Neoplasms
Reperfusion
Japan
Pathologic Constriction
Cohort Studies

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Association of Embolic Sources With Cause-Specific Functional Outcomes Among Adults With Cryptogenic Stroke. / Fukuoka Stroke Registry Investigators.

In: JAMA network open, Vol. 1, No. 5, 07.09.2018, p. e182953.

Research output: Contribution to journalArticle

Fukuoka Stroke Registry Investigators. / Association of Embolic Sources With Cause-Specific Functional Outcomes Among Adults With Cryptogenic Stroke. In: JAMA network open. 2018 ; Vol. 1, No. 5. pp. e182953.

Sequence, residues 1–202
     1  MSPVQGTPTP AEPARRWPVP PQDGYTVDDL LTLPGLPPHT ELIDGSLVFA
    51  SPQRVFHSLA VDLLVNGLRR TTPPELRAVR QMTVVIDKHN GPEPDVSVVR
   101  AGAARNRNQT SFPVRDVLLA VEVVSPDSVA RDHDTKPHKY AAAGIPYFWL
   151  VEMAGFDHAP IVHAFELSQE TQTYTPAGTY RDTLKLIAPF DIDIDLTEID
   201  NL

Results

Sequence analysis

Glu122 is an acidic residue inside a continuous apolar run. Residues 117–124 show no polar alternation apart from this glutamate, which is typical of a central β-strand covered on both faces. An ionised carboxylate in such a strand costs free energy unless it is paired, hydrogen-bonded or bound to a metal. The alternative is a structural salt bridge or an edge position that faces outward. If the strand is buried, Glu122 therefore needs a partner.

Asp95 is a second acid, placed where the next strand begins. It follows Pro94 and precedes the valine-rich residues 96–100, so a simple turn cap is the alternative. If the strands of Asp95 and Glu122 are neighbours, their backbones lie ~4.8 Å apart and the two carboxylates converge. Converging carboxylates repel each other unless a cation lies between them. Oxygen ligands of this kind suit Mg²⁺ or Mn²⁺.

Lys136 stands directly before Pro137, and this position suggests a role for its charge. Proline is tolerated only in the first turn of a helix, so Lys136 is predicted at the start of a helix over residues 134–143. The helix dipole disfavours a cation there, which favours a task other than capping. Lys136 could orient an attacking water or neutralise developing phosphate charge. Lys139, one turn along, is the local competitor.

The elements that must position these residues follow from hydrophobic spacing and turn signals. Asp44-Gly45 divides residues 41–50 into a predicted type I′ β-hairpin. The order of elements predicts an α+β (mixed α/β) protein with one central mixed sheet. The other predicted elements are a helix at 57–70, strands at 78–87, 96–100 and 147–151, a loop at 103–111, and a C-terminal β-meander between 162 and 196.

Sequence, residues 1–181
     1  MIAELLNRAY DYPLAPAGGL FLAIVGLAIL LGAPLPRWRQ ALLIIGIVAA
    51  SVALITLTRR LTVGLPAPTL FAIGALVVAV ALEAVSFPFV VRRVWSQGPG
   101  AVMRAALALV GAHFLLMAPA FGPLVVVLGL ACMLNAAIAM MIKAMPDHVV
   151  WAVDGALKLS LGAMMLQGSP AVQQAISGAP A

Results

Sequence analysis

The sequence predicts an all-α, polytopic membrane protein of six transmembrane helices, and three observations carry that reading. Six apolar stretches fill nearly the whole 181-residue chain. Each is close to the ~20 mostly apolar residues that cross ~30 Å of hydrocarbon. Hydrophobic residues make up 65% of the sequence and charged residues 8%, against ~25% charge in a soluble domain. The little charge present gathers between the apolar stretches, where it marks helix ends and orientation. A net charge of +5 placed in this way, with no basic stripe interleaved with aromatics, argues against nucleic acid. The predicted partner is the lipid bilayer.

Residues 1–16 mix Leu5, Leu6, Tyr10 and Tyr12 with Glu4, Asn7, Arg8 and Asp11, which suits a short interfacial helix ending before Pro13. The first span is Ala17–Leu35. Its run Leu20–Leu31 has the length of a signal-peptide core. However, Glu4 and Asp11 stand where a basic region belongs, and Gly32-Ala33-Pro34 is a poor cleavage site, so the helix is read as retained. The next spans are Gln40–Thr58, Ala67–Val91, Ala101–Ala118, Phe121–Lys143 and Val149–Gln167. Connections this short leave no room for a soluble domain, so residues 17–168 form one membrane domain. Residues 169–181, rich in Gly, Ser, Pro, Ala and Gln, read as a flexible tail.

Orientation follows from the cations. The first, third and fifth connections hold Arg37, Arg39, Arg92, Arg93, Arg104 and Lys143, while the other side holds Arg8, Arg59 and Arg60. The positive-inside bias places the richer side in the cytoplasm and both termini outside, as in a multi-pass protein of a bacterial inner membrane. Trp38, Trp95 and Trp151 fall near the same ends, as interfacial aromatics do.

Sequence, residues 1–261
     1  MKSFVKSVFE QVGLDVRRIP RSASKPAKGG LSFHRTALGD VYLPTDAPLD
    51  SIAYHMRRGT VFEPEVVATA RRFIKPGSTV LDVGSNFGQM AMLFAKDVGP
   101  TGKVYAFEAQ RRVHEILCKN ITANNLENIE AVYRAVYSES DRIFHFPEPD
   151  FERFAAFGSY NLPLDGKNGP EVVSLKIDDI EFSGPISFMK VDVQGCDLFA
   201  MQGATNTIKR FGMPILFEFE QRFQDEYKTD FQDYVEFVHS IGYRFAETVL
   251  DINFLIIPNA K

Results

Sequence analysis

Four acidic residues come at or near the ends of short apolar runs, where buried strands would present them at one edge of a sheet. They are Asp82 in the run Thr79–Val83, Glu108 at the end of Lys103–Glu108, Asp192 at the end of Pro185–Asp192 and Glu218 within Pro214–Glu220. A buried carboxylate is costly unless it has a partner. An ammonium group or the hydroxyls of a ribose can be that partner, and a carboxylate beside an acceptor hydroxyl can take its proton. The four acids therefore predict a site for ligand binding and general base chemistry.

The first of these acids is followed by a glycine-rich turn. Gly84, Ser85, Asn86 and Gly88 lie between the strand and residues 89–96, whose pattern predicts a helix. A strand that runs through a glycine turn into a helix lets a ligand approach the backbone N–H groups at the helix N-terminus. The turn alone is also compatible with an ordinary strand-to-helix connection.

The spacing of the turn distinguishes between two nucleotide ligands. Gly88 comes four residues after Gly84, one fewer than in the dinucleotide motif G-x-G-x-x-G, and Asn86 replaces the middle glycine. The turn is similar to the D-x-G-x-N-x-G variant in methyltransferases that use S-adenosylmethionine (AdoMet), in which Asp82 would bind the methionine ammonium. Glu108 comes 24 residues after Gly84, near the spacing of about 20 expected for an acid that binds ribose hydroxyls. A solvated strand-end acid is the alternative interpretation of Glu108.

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abstract = "Importance: It is unknown whether poststroke outcome varies between different potential causes in patients with cryptogenic stroke.Objective: To investigate whether functional outcome differs according to potential embolic sources after cryptogenic stroke.Design, Setting, and Participants: This multicenter, hospital-based, prospective stroke registry cohort study investigated potential embolic sources on admission and assessed 3-month outcome in patients with ischemic stroke hospitalized at 7 stroke centers in the Fukuoka Stroke Registry. This registry enlisted 9866 consecutive patients with acute ischemic stroke who were enrolled from June 11, 2007, to May 31, 2016, in Fukuoka, Japan. Patients with small vessel occlusion (n = 3130), extracranial and intracranial atherosclerosis causing at least 50{\%} luminal stenosis in arteries supplying the area of ischemia (n = 2011), and other specific uncommon causes of stroke identified (n = 301) were excluded. Potential embolic sources were diagnosed in patients with embolic stroke of undetermined source (ESUS) based on the following criteria proposed by the Cryptogenic Stroke/ESUS International Working Group: minor-risk potential cardioembolic sources (MCS) (n = 209), covert paroxysmal atrial fibrillation (CPAF) (n = 43), cancer associated (CA) (n = 79), arteriogenic emboli (AE) (n = 522), paradoxical embolism (PE) (n = 190), and undetermined embolism (unidentified or ≥2 potential embolic sources) (UE) (n = 1120).Main Outcomes and Measures: The association between potential causes and functional outcome was evaluated in reference to cardioembolic stroke (CE) caused by major-risk cardioembolic sources after adjusting for age, sex, National Institutes of Health Stroke Scale score on admission, and reperfusion therapy using logistic regression analysis. Functional dependency (modified Rankin Scale score, 3-5) was evaluated at 3 months after onset.Results: The study enrolled 2261 patients with CE (mean [SD] age, 78.4 [10.7] years, 51.8{\%} male) and 2163 patients with ESUS (mean [SD] age, 72.4 [12.6] years, 57.1{\%} male). Compared with CE (median National Institutes of Health Stroke Scale score, 8 [interquartile range {IQR}, 3-17]), baseline neurological deficits did not differ in MCS (median, 7 [IQR, 2-18]), CPAF (median, 6 [IQR, 2-18]), and CA (median, 5 [IQR, 2-13]) but were less severe in AE (median, 2 [IQR, 1-4]), PE (median, 2 [IQR, 1-4]), and UE (median, 3 [IQR, 1-7]). Multivariable-adjusted odds ratios of functional dependency significantly increased in CA (3.61; 95{\%} CI, 1.52-8.54 vs CE) but decreased in PE (0.33; 95{\%} CI, 0.16-0.71 vs CE).Conclusions and Relevance: Potential causes are associated with poststroke outcome in patients with cryptogenic stroke. Embolic sources potentially underlying cryptogenic stroke should be considered significant variables associated with outcome.",